The lab at Los Alamos, New Mexico, is where our nation’s first atomic weapons were built. It continues to be a home to some of our nation’s brightest minds, about 15,000 of them, working in 2,000 different buildings in an area covering more than 36 square miles. They have nuclear waste disposal sites there. The place is big. It’s also very important to our national interests.
Last night, the wildfire came close, burning some thirty structures just south of the lab. The fire is also threatening Frijoles Canyon, which contains some ancient native-American archaeological sites, and the Bandelier National Monument. Here’s a screenshot of a map for you. Click once on the map to go to the site. There you can zoom in and out and get different views as well – topo, satellite, etc.
If there is any scrap of good news about any of this, it’s that Los Alamos has burned once before and survived. The Cerro Grande fire in 2000 caused over a billion dollars in property damage to Los Alamos, but there was no release of any toxic substances, including radiation. Evidently, they have their ducks in a row out there and are very careful about their storage practices. I’m assuming that all of the really nasty stuff is buried deep underground.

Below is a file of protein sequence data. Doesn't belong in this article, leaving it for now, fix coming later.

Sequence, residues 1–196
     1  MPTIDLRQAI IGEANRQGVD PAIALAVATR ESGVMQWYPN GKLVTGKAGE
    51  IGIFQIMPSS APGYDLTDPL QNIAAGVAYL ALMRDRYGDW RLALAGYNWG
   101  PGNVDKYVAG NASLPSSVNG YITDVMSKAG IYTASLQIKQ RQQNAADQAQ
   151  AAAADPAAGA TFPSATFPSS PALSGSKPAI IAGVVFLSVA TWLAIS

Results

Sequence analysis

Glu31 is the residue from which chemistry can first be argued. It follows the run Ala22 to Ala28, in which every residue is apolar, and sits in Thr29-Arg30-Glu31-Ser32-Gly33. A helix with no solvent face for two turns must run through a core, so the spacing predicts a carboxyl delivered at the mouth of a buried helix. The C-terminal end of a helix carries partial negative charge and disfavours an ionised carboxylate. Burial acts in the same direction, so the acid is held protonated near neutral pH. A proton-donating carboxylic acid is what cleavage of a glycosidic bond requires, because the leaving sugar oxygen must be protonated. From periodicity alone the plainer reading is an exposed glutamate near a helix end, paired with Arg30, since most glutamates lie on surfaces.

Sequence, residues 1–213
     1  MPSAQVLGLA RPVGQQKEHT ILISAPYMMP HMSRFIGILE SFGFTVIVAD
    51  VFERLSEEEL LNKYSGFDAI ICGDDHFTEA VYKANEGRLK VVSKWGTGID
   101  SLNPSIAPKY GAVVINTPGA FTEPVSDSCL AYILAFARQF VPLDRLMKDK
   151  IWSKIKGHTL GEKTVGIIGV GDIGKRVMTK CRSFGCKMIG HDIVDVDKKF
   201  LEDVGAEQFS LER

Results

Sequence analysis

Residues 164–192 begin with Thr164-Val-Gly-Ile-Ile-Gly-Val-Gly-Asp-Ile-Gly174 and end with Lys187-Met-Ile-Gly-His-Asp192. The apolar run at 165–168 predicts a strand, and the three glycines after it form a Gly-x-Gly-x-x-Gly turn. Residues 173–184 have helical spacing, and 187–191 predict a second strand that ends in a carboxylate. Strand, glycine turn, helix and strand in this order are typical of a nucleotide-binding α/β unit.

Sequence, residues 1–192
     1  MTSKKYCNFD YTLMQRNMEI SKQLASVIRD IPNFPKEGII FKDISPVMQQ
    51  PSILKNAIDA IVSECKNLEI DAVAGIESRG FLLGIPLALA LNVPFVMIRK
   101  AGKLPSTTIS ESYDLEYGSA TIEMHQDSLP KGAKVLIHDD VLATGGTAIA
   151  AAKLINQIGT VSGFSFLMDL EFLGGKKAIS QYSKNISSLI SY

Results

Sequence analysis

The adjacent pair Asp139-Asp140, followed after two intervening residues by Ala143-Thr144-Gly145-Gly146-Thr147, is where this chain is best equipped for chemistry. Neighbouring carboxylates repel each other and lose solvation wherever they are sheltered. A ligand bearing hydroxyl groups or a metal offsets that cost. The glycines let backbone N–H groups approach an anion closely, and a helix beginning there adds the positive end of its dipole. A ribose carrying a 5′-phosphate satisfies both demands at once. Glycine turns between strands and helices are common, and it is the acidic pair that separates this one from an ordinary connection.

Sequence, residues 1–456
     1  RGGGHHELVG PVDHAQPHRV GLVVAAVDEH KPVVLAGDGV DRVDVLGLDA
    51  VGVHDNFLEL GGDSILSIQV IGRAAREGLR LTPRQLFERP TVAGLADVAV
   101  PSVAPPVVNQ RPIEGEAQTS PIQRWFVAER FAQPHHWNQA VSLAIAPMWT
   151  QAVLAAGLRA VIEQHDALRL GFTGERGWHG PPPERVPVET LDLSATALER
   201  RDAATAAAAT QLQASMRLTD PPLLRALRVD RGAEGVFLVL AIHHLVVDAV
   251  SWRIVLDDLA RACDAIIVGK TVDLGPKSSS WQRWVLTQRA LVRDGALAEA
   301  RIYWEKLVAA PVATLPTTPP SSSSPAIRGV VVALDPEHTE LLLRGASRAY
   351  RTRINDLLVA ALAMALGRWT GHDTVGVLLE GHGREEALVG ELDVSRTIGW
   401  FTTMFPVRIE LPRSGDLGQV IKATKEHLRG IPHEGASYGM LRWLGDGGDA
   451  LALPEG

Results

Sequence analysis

However, here’s a quote that I liked from an NPR piece I read this morning. It was made by a spokesman for a nuclear-watchdog group.
Greg Mello, with the anti-nuclear watchdog Los Alamos Study Group, said the group doesn’t have enough information “to formulate any views on safety at this point.”
“It is important to remind ourselves that the site has natural hazards … and Murphy’s Law is still about the best enforced law in the state,” he said.
I have to agree with that last bit. I would go so far as to say that Murphy’s Law has been the best-enforced law in our whole country this year. Here’s hoping that all goes well for the folks at Los Alamos and that no lives are lost while fighting this fire. Keep all of them in your thoughts and prayers today.